4. Avoid “conflicting instrument readings.” Look out across the horizon so your eyes can register the same type of acceleration changes your ears are reporting.  Avoid visually focusing on things that are close-by, and most especially, avoid reading for more than a few seconds at a time. Also, face the direction the boat is traveling.

5. Your nose knows. Odors can complicate the mix of signals to the brain, increasing your likelihood of becoming ill. Avoid smelling diesel fumes, cigarette smoke, perfume and of course, anyone else’s vomit.

6. Minimize movement. Standing in different locations on the boat’s deck will result in different amounts of velocity/acceleration being transferred to your body.  Stay topside, close to the center of the vessel.

7. Keep hydrated. Continue to drink plenty of fluids while on board and throughout each surface interval. This will help keep your stomach more full and will help your body metabolize food and process everything else better.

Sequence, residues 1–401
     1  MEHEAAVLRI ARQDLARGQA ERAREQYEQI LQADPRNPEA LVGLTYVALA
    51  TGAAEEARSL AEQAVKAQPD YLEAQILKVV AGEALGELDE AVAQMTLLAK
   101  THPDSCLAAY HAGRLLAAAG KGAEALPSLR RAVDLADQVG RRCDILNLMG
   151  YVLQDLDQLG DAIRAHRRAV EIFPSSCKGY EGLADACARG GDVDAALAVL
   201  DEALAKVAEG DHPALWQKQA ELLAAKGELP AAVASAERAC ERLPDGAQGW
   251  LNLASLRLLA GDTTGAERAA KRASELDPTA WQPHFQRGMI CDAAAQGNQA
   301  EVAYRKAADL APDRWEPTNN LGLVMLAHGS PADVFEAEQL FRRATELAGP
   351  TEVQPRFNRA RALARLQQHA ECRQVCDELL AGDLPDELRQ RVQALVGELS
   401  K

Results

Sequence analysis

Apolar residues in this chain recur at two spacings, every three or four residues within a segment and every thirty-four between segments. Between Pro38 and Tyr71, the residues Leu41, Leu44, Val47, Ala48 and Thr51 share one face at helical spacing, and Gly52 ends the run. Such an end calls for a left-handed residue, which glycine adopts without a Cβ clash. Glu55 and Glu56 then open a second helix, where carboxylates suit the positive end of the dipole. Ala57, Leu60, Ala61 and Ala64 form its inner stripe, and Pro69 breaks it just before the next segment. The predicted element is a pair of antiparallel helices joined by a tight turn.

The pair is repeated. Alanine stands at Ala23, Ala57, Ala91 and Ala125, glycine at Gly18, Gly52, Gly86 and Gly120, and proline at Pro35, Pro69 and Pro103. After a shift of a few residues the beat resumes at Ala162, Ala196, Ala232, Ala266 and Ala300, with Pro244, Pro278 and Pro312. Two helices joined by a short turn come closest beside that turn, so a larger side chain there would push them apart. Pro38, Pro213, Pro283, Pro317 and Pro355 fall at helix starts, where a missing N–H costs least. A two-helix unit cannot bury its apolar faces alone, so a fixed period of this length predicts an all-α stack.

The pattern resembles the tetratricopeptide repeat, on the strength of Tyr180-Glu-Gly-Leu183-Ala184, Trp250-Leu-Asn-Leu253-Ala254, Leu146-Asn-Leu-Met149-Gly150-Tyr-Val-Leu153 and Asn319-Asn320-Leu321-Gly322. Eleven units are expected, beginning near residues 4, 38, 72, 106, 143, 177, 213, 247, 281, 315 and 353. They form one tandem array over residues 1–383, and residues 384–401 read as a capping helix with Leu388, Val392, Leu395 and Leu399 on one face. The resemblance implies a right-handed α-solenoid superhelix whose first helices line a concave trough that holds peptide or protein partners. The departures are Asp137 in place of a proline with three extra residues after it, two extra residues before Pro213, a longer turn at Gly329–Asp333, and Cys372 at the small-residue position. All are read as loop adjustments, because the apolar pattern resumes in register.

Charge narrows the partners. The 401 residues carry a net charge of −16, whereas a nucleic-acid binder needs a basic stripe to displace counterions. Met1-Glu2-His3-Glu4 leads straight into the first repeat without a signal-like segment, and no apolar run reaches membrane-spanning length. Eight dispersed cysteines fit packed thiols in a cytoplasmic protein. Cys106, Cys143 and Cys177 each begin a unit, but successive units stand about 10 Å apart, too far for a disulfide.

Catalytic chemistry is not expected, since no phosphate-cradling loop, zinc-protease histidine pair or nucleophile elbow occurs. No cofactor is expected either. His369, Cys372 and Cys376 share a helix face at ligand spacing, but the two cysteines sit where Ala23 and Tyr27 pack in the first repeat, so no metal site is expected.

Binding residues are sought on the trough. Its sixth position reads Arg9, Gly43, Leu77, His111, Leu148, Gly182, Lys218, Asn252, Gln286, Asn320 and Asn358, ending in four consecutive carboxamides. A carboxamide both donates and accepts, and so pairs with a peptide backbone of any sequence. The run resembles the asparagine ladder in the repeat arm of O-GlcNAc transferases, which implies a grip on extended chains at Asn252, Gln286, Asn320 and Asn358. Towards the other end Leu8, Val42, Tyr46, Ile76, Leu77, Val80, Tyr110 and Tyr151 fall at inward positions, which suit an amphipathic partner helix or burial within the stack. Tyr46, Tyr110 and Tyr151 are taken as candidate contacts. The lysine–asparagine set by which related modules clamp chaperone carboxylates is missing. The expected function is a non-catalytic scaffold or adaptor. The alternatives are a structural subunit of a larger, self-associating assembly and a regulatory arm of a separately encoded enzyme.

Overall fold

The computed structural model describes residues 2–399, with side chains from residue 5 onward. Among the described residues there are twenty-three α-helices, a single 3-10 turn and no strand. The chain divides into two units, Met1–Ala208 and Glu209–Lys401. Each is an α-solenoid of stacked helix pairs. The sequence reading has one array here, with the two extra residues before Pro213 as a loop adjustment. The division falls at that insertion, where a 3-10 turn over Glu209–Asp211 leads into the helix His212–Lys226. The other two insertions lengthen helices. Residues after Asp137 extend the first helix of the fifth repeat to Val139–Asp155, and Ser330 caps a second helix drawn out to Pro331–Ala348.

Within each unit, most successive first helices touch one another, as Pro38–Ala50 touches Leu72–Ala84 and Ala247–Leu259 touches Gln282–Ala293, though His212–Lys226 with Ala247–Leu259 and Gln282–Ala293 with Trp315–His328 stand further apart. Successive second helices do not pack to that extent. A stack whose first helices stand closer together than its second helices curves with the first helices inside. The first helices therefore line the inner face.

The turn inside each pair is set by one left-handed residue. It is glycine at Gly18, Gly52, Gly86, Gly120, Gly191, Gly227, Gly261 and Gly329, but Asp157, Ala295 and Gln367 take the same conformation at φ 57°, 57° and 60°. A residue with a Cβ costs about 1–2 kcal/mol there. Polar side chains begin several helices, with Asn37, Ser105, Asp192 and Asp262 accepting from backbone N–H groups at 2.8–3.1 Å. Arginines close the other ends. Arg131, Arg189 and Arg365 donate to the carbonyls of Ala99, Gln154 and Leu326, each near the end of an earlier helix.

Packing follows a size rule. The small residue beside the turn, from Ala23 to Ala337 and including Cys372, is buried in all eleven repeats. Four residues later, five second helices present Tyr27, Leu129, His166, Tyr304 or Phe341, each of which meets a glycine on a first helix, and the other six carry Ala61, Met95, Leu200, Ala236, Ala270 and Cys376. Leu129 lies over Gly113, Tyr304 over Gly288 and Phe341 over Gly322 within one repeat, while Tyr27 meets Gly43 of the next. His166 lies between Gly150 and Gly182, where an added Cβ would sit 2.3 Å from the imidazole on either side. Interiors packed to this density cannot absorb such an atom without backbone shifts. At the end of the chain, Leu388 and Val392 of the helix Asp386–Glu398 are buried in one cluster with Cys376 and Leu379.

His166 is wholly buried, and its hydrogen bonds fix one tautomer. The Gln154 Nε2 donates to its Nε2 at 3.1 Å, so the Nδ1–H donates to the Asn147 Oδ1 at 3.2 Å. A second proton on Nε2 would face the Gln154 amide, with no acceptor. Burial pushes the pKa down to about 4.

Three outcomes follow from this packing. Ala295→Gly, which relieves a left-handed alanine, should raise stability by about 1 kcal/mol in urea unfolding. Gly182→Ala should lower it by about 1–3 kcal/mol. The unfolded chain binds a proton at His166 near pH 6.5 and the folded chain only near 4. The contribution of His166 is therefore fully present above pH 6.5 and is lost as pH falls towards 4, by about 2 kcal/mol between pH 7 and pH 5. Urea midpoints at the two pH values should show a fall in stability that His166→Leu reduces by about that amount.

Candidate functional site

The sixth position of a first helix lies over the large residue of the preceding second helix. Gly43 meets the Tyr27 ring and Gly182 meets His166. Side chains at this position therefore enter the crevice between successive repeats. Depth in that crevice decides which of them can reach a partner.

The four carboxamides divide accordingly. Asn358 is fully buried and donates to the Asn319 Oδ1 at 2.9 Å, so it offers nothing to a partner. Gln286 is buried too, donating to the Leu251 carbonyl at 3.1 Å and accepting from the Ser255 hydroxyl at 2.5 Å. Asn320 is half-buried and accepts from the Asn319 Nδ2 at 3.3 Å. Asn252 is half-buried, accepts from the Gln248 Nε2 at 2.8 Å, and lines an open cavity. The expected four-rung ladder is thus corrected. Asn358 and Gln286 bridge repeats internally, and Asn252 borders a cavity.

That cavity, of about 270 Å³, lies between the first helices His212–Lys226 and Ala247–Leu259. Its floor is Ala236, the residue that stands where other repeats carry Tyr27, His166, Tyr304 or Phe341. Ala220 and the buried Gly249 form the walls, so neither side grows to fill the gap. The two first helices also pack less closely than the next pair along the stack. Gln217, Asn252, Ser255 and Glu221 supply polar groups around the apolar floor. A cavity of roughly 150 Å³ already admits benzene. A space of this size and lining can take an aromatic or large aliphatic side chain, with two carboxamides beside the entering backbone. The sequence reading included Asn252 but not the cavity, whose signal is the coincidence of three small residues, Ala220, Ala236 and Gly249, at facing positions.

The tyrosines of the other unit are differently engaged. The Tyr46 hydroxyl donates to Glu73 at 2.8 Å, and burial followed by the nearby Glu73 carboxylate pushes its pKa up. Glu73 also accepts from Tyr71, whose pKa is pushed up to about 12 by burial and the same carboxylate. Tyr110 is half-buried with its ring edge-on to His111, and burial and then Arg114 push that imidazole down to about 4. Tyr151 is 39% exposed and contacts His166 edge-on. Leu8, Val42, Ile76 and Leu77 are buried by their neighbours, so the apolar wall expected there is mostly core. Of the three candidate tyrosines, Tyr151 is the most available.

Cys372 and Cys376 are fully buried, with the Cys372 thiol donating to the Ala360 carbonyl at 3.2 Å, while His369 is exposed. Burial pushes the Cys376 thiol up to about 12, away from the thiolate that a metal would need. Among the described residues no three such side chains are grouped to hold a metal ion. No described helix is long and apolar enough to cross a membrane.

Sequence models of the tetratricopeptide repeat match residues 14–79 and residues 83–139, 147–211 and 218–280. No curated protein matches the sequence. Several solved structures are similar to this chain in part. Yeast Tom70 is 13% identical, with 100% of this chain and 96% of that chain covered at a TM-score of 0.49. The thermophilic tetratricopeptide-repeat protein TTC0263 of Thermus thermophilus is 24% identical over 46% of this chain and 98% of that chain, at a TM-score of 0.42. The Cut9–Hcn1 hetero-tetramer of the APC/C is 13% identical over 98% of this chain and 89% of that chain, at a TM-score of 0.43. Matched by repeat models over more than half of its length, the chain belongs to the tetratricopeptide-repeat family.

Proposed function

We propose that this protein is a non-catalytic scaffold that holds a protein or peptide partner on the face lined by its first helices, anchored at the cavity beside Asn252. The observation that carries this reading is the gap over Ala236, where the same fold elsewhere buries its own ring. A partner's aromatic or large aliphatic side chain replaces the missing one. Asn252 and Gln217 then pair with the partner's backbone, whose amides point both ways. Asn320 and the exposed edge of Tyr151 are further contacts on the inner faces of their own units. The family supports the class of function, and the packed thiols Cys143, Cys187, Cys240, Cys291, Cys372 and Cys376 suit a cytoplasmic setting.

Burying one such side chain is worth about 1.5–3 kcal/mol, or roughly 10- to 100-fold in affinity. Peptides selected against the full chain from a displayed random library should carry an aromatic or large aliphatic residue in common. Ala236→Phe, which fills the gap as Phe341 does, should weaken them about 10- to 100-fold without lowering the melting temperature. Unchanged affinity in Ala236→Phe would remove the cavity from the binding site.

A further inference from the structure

8. Stay cool. If you become overheated while on deck, you’ll be more at risk of becoming ill. Wear a cap to keep the sun off your head and face, sit in a shady location between dives and peel off part or all of your wetsuit.

9. Heads up! If you feel the urge to vomit, move to the leeward rail (with the wind at your back), lean forward and try to direct your explosion toward the sea. The fish will thank you. Never go into the head (marine toilet).

10. Dive in. If you do begin to feel the early signs of motion sickness, get into the water and submerge several feet below the surface, doing so will usually quell the queasy feelings because your body will stop receiving the conflicting acceleration readings.

11. Regulate it. If you happen to become ill while underwater, such as just after submerging, it’s usually perfectly OK to vomit in your regulator. It’s not the most enjoyable experience, but it’s typically over very quickly and you’ll feel better almost immediately.